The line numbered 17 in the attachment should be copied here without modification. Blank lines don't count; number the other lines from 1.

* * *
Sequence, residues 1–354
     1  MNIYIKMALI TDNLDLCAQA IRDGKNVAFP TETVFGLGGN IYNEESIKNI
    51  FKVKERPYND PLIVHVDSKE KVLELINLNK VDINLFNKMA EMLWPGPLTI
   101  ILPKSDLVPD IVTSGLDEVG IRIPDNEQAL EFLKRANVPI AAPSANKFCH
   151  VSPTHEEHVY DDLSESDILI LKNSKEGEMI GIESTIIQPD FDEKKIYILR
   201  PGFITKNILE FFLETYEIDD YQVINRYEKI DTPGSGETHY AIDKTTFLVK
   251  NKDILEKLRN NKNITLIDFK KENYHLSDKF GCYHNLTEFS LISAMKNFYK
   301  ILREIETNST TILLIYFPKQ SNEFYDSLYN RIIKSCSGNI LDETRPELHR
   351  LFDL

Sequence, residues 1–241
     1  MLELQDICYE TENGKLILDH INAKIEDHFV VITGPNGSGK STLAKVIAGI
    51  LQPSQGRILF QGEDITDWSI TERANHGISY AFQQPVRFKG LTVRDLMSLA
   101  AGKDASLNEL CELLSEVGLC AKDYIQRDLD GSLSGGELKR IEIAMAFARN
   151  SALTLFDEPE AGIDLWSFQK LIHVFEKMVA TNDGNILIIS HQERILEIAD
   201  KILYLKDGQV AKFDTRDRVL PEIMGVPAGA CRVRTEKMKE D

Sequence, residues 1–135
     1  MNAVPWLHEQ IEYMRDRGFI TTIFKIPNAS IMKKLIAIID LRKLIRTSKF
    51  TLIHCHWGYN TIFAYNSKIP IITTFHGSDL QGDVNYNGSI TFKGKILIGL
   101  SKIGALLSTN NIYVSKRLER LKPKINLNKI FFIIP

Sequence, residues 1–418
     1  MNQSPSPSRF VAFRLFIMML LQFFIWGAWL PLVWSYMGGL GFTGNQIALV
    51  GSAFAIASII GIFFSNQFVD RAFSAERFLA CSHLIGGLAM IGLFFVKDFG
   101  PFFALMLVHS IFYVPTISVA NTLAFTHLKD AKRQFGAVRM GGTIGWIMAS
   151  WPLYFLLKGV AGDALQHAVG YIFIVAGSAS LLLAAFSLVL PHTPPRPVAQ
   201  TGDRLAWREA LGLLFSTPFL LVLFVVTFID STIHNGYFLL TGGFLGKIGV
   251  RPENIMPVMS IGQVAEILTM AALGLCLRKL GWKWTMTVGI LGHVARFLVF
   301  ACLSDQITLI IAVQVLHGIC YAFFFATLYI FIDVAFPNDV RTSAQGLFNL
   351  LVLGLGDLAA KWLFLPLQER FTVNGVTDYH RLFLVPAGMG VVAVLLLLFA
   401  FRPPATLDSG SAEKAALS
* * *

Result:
     1  MNAVPWLHEQ IEYMRDRGFI TTIFKIPNAS IMKKLIAIID LRKLIRTSKF